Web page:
In-vehicle communication faces increasing bandwidth demands, which can no longer be met by today's MOST150, FlexRay or CAN networks. In recent years, Fast Ethernet has gained a lot of momentum in the automotive world, because it promises to bridge the bandwidth gap. A first step in this direction is the introduction of Ethernet as an On Board Diagnostic (OBD) interface for production vehicles. The next potential use cases include the use of Ethernet in Driver Assistance Systems and in the infotainment domain. However, for many of these use cases, the Fast Ethernet solution is too slow to move the huge amount of data between the Domain Controllers, ADAS Systems, Safety Computer and Chassis Controller in an adequate way. The result is the urgent need for a network technology beyond the Fast Ethernet solution. The question is: which innovation will provide enough bandwidth for domain controllers, fast flashing routines, video data, MOST-replacement and internal ECU buses?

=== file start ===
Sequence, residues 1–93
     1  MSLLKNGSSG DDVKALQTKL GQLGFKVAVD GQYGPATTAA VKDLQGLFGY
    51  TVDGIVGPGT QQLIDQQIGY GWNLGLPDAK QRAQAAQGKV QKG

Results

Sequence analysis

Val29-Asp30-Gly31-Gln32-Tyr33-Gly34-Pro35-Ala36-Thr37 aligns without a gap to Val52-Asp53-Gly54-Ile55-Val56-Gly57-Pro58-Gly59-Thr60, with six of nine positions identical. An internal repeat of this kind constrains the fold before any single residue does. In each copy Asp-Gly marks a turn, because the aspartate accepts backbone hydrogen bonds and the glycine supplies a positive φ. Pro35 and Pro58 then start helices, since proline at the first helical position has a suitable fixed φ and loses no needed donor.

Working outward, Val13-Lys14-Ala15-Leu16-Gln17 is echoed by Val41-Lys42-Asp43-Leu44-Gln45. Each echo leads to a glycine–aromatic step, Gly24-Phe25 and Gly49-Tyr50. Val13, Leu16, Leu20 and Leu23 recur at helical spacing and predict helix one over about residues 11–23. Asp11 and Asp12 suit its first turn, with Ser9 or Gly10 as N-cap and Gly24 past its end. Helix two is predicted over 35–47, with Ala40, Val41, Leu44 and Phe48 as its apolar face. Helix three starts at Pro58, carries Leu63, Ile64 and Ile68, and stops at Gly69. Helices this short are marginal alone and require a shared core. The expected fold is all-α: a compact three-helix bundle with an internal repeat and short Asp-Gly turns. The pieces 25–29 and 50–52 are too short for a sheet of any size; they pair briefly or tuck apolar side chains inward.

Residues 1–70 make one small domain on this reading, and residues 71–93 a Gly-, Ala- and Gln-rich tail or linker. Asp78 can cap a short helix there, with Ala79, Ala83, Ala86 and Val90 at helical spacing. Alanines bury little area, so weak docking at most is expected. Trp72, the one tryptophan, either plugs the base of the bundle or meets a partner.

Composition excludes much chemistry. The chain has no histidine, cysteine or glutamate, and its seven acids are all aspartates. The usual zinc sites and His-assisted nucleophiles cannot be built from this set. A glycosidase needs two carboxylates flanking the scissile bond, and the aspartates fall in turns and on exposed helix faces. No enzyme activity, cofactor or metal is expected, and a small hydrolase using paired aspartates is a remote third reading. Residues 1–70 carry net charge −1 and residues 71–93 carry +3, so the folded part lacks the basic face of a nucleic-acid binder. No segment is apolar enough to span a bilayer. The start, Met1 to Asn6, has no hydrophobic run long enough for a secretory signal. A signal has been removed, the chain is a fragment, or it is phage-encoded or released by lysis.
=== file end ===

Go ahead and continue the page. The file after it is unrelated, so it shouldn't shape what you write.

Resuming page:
Technical Paper

Efficient Virtualization for Functional Integration on Modern Microcontrollers in Safety-Relevant Domains

2014-04-01
2014-01-0206